National Geographic has announced that a team from the International Polar Foundation has discovered one of the largest Emperor Penguin Colonies on the planet. There are over 9,000 of these magnificent creatures who have never before had human contact. The discovery of this colony was combination of space technology and old fashion explorers!
Rachel Hartigan Shea writes:
"The penguin colony had previously been identified through satellite imagery by researchers from the British Antarctic Survey. The penguins themselves didn't show up very clearly, but their excrement stains on the ice did.
Expedition leader Alain Hubert, who has spent seven seasons in Antarctica, long suspected a colony existed somewhere along the vast coast near Princess Elisabeth station. "When you go on the coast," explained the Belgian explorer, "after ten minutes, penguins come out of the water to look at who you are and what you are doing."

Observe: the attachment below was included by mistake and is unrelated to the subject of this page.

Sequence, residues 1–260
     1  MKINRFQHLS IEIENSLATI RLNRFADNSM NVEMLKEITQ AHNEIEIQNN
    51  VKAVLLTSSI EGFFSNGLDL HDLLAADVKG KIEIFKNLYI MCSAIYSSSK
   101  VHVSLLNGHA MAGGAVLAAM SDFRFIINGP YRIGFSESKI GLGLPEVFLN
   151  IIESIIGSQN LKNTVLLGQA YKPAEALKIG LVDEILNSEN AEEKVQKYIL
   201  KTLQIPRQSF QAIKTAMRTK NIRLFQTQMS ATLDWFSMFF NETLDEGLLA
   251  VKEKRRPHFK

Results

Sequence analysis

The satellite images gave Hubert and his team a rough idea of where to start looking. When ice research brought them within 37 miles (60 kilometers) of the probable location, they hopped on their snowmobiles for a side trip. The team traversed steep crevasses from the continent's cliffs down to the ice shelf, which has been shifting 650 feet (200 meters) toward the sea each year. "We were lucky to find it," said Hubert.
They finally came upon the colony at 11 p.m. on December 3, when the sun was still shining during the Antarctic summer. Spread out on the ice were 9,000 emperor penguins, about three-quarters of them chicks. Despite his polar experience, Hubert had never seen a full colony before. "You can approach them," he said. "When you talk to them, it's like they are listening to you."